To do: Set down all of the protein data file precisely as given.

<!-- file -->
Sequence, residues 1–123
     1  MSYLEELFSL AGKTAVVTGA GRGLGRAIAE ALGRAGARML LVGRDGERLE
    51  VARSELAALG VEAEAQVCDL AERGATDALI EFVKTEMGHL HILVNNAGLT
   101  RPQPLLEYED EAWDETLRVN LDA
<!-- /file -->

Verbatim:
Sequence, residues 1–123
     1  MSYLEELFSL AGKTAVVTGA GRGLGRAIAE ALGRAGARML LVGRDGERLE
    51  VARSELAALG VEAEAQVCDL AERGATDALI EFVKTEMGHL HILVNNAGLT
   101  RPQPLLEYED EAWDETLRVN LDA